Boeing has announced significant advancements in its software development for manned-unmanned teaming (MUM-T) operations, involving the F/A-18 Super Hornet and MQ-25 Stingray.

The recent tests in St. Louis have demonstrated the software’s readiness for future integration into U.S. Navy operations, highlighting its potential application in both Block II and III versions of the F/A-18 Super Hornet.

In a simulated environment, Boeing’s team successfully conducted a demonstration where a F/A-18 pilot remotely commanded an unmanned MQ-25 to deploy a refuelling drogue and refuel the Super Hornet.

This test utilised the existing communication links established on both aircraft, marking a crucial step towards operational deployment.

Alex Ewing, F/A-18 New Product Development lead at Boeing, explained the significance of the new software capabilities.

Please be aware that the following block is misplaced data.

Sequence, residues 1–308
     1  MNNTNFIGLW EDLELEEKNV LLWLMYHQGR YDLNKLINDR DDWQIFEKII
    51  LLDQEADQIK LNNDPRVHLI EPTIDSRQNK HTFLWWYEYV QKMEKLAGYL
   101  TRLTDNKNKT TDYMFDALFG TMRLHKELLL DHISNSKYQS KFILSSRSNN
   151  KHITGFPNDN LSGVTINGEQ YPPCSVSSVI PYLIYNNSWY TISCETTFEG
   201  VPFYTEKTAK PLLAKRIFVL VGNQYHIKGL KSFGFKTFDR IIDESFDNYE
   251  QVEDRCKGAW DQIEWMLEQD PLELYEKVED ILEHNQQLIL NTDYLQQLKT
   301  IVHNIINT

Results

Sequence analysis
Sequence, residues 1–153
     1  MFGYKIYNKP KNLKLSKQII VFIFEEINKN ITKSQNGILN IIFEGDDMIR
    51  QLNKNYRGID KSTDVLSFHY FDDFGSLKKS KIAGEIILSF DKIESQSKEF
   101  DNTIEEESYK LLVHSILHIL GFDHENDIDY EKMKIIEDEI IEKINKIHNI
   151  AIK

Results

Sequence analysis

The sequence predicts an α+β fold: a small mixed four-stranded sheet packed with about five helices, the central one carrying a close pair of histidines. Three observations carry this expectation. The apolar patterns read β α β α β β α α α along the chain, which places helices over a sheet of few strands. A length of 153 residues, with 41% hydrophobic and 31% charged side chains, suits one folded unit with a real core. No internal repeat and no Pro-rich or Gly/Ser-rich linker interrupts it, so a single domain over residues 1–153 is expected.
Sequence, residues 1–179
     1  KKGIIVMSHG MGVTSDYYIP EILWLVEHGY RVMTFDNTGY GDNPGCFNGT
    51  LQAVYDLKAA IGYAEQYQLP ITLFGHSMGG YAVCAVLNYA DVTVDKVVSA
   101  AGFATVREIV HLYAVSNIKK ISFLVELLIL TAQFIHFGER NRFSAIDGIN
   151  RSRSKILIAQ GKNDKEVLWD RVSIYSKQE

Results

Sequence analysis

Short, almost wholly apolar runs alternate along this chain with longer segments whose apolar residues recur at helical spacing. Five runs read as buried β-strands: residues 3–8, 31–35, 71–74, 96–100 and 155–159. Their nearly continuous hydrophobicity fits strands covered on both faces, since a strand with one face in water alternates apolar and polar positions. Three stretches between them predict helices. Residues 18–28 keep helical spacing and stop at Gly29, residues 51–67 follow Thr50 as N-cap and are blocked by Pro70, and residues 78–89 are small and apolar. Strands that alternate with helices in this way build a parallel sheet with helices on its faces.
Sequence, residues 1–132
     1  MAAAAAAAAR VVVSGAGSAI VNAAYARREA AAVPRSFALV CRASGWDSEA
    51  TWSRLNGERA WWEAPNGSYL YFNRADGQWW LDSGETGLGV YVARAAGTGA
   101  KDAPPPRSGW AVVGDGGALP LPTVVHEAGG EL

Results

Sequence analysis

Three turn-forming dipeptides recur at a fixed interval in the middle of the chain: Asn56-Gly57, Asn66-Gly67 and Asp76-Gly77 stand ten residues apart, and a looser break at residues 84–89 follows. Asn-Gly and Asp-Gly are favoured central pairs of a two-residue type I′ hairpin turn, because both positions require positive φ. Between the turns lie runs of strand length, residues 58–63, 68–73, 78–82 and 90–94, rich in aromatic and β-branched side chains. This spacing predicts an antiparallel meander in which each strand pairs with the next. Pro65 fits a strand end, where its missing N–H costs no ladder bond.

“MQ-25 is designed to typically receive commands from air vehicle pilots on an aircraft carrier. This software will add a second option, enabling pilots to initiate commands right from their cockpit,” he stated in a press release.

Notify of

Inline Feedbacks
View all comments

John (@guest_816993)
1 hour ago

Oh if its Boeing bound to work eh? No whistleblowing allowed if its a bummer though. You can end up at your own funeral 😅

Mark (@guest_817006)
15 minutes ago

Have they fixed their software issues with the new tankers yet?